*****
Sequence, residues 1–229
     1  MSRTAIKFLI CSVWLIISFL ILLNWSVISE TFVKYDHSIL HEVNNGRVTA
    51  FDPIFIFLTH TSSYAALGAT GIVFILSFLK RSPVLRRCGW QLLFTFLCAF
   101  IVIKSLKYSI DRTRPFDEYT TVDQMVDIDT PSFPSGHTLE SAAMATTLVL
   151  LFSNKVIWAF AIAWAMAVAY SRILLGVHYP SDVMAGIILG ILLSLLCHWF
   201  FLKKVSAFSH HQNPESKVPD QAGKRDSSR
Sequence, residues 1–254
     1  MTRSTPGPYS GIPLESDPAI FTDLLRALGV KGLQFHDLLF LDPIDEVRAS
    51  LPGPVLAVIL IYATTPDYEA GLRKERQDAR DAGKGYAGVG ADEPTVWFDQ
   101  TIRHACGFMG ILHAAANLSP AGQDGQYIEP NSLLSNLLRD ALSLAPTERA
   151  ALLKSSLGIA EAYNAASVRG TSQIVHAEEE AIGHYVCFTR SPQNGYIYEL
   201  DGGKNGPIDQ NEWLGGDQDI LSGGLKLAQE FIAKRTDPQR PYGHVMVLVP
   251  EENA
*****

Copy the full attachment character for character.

Sequence, residues 1–229
     1  MSRTAIKFLI CSVWLIISFL ILLNWSVISE TFVKYDHSIL HEVNNGRVTA
    51  FDPIFIFLTH TSSYAALGAT GIVFILSFLK RSPVLRRCGW QLLFTFLCAF
   101  IVIKSLKYSI DRTRPFDEYT TVDQMVDIDT PSFPSGHTLE SAAMATTLVL
   151  LFSNKVIWAF AIAWAMAVAY SRILLGVHYP SDVMAGIILG ILLSLLCHWF
   201  FLKKVSAFSH HQNPESKVPD QAGKRDSSR
Sequence, residues 1–254
     1  MTRSTPGPYS GIPLESDPAI FTDLLRALGV KGLQFHDLLF LDPIDEVRAS
    51  LPGPVLAVIL IYATTPDYEA GLRKERQDAR DAGKGYAGVG ADEPTVWFDQ
   101  TIRHACGFMG ILHAAANLSP AGQDGQYIEP NSLLSNLLRD ALSLAPTERA
   151  ALLKSSLGIA EAYNAASVRG TSQIVHAEEE AIGHYVCFTR SPQNGYIYEL
   201  DGGKNGPIDQ NEWLGGDQDI LSGGLKLAQE FIAKRTDPQR PYGHVMVLVP
   251  EENA